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Immunization Schedule, Children (cont.)

Hepatitis B Vaccine

Hepatitis B is a vaccine-preventable disease that can lead to chronic liver disease and cancer. The infection is spread through contact with the blood and body fluids of an infected person.

  • Infants should receive the first dose at birth. The immunization schedule encourages the use of hepatitis B vaccine for all infants before hospital discharge. The second and third doses are usually given at 1-4 months and at 6-18 months of age. (Specific recommendations are available for infants born to mothers who are infected or carriers of hepatitis B.) A fourth dose may be administered when combination vaccines are administered after the birth dose.
  • Unimmunized children younger than 18 years may begin the series at any age.
  • Two one-shot vaccines that protect infants against five different diseases have been approved by the FDA. That means babies may get six fewer shots during their first few years of life. The combination vaccine (Pediarix) contains hepatitis B vaccine along with DTaP (diphtheria, tetanus, and acellular pertussis vaccine) and inactivated poliovirus vaccine (IPV). Pediarix is recommended to be given as a three-dose primary series to infants at about 2, 4, and 6 months of age. Pediarix should not be given to infants before 6 weeks of age and therefore is not indicated for infants born to mothers who are infected with hepatitis B or whose hepatitis B status is unknown. Another combination vaccine (Pentacel) contains protection against DTaP, polio, and Hemophilus influenzae type B (Hib). Using this protocol requires a separate hepatitis B vaccine injection. Pentacel is routinely administered at 2, 4, 6, and 15-18 months of age.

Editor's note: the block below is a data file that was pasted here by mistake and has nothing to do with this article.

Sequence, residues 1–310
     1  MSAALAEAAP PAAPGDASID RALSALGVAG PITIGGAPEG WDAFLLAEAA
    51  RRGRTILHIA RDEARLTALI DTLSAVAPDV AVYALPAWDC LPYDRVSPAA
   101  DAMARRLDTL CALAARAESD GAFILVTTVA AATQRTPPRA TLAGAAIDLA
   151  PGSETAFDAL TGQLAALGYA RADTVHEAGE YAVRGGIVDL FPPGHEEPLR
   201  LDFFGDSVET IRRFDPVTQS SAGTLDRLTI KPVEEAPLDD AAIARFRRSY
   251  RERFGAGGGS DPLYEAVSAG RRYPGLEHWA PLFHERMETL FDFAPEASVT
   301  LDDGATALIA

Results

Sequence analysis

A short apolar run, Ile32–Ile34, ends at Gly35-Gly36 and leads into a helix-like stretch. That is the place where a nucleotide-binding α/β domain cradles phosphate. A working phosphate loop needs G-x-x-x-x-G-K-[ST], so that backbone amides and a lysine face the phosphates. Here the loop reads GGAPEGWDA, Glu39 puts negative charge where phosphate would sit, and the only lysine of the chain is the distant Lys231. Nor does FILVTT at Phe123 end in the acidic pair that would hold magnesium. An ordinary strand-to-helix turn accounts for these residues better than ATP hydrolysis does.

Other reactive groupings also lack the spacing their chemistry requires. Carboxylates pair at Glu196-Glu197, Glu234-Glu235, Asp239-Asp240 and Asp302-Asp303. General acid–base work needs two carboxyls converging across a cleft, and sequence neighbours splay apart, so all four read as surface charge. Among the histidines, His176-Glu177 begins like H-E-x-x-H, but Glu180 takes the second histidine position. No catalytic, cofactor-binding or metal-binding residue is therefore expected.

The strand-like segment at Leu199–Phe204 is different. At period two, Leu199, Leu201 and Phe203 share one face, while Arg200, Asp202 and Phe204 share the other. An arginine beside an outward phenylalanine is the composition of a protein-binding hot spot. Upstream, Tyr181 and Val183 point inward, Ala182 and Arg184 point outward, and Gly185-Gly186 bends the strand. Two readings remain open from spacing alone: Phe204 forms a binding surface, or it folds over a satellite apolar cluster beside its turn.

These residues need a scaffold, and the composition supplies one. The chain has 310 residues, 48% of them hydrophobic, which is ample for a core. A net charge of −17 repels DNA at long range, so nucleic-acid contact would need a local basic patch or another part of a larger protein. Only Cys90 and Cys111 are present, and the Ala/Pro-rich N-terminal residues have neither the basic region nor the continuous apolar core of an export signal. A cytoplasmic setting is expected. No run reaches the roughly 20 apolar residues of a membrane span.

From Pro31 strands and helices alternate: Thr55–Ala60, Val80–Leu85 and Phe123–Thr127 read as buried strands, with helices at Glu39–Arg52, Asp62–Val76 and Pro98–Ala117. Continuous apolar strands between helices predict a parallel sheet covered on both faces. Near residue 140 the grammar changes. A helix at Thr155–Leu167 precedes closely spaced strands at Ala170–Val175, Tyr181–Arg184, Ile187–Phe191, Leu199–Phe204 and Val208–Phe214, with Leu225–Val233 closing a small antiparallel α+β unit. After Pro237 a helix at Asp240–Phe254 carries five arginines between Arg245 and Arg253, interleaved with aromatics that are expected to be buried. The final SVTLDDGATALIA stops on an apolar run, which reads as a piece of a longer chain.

Diphtheria, Tetanus, Pertussis Vaccine

This combination vaccine (DTaP) is composed of vaccines against diphtheria, tetanus (lockjaw), and pertussis (whooping cough). The use of the acellular pertussis (aP) vaccine is now recommended because it is associated with fewer side effects compared to the previous vaccine.

  • This vaccine is usually given at 2, 4, and 6 months of age. A fourth dose is usually given between 15-18 months of age, as long as it has been six months since the third dose. If the child has received doses one through four before 4 years of age, a booster dose is given before entering kindergarten (4-6 years of age).
  • An adolescent preparation of the tetanus, reduced diphtheria, and acellular pertussis (Tdap) vaccine is recommended for children 11-12 years of age.
  • Subsequent booster shots of tetanus and diphtheria (Td) are recommended every 10 years.
  • Some children may have a fever and injection site pain and swelling after this vaccine. To reduce this discomfort, one may give a child acetaminophen for 24–48 hours after their injection.
Medically Reviewed by a Doctor on 11/10/2015

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